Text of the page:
Saturday, June 23, 2012

Slaughter is Mostly Wrong About Women Having it All

Anne-Marie Slaughter's cover story in the current Atlantic Monthly is an argument that even ideal conditions for a woman "having it all" aren't enough.  I found it a very frustrating article.

Slaughter was a tenured dean at Princeton, married to another tenured Princeton professor who was a very involved father, with a full-time housekeeper to help care for their home and two adolescent children.  She got her dream job in the Obama administration. But after two years she decided to leave that job and go back to Princeton to spend more time with her family.

The way she put the choice to herself was to ask whether she was indispensable to her job or indispensable to her children.  Put that way, the choice seemed obvious.  She went home.

She was asked in an interview if the answer to that question isn't obvious for everyone? She dodged the question.  Yet, if those are the choices, the answer is obvious to every parent.  By that standard, no parents, fathers or mothers, would ever go to work.

My wife is a highly educated attorney with an important career.  When we speak as a couple to my "Family Life" class on this exact subject - Can women have it all? - the answer she gives is "yes, but not all at once." You can marry and have your kids and even start a career when you are young.  As your kids get more self-sufficient, you can devote more time and effort to your career, and really hit your stride in late middle life.  For healthy middle class people these days, life is long enough for most women to do all of these things.

Slaughter says that for older women that might be fine, but that these days marrying young and having kids early has "fallen out of fashion." (She is the same age as Mrs. G. and me.)

She says that women today need to fully start their careers, and then pause to marry and have kids in their late 30s or early 40s.  They can pick up their careers a decade later and head to a peak a decade after that. She also wants a woman president, 50 women senators, and equal representation of women in corporate and judicial leadership, who will remake work and social life so women like her can have it all.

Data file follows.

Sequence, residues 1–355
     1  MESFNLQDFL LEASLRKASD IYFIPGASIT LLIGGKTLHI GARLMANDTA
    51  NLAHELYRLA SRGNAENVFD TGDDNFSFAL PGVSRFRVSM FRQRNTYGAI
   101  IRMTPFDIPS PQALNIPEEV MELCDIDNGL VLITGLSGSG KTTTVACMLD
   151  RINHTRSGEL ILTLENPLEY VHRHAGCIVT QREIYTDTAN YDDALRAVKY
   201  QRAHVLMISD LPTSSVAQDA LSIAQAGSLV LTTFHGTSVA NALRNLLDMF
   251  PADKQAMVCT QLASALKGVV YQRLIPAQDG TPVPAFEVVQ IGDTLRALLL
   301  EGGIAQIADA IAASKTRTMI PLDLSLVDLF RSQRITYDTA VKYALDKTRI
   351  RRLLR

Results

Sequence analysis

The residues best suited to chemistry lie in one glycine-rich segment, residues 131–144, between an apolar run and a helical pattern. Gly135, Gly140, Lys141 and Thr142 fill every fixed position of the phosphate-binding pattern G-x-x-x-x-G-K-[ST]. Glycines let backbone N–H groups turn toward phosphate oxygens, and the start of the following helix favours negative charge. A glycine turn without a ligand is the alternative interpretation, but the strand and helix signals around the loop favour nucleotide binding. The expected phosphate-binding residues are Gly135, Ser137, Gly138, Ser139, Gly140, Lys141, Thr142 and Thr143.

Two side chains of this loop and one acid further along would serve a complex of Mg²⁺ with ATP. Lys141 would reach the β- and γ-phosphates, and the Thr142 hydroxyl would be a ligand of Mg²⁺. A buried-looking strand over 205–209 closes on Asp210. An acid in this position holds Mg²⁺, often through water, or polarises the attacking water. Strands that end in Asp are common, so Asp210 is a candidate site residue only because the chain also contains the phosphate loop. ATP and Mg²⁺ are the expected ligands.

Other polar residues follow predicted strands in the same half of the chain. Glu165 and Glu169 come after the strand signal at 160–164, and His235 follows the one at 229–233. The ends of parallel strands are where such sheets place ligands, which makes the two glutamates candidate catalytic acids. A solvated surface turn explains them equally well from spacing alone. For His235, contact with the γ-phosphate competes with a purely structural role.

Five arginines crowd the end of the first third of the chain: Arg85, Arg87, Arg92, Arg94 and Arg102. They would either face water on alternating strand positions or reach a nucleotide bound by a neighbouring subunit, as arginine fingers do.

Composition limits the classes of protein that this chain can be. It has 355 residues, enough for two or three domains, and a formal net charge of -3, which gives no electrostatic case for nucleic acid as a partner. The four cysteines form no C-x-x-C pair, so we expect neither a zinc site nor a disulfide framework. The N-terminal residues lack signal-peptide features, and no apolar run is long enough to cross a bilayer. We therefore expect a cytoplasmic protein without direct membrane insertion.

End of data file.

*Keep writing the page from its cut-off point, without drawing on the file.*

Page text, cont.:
This plan strikes me as unrealistic. It would require massive social engineering, not to mention rewriting biology. 

I am also stuck on her dismissal of the "having it all, but not at once" plan as "out of fashion." The best researcher in how highly educated women can have it all, Sylvia Ann Hewlett, concluded from her empirical studies that this is the most likely plan to work in the world that actually exists.  In fact, Slaughter reveals in the interview, though not the article, she herself first married in her early twenties to a fellow professional. She then divorced and married again at 35, and only then had children. So her social engineering looks more like special pleading for her own case than a necessity for all elite women.  And there is still that pesky biological clock to work with.

There are some elements of Slaughter's article that I think are very good, especially her critique of the "cult of face-time" in office work.

But on her main points I found her argument wrong-headed and ungrateful for her fantastic opportunities.

Thursday, June 21, 2012

Fatherhood Makes Sociologists More Successful

The headline news of a study of women sociologists is that having children does not interfere with having a successful career at a research university.

What struck me about the study by Roberta Spalter-Roth and Nicole Van Vooren, though, is the even larger difference that having kids made to the careers of men.

The study divided these sociology Ph.D.s, measured a decade after getting their degree, into "ideal" careers as tenured professors at research universities, "alternative" careers as tenured professors at teaching colleges, or "marginal" careers as adjunct teachers and the like.

For the fathers, 80% were in either ideal or alternative positions, with only 20% getting by marginally.

For childless men, 41% were in marginal careers.

I see this is further evidence that marriage and fatherhood transforms men from the least productive to the most productive workers.